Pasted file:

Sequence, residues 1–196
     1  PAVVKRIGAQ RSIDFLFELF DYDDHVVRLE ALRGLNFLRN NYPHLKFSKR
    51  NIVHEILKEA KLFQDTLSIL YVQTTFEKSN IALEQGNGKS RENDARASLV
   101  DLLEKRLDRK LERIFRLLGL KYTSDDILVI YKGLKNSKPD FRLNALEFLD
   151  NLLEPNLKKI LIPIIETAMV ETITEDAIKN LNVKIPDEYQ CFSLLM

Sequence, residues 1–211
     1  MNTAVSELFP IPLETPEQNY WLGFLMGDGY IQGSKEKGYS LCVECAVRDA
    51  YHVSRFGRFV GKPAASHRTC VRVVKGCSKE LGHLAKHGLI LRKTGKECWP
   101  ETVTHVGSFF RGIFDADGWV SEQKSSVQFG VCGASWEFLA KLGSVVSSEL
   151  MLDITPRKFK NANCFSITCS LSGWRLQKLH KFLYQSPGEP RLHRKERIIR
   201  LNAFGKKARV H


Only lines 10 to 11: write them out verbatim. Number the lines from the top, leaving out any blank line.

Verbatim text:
   151  MLDITPRKFK NANCFSITCS LSGWRLQKLH KFLYQSPGEP RLHRKERIIR
   201  LNAFGKKARV H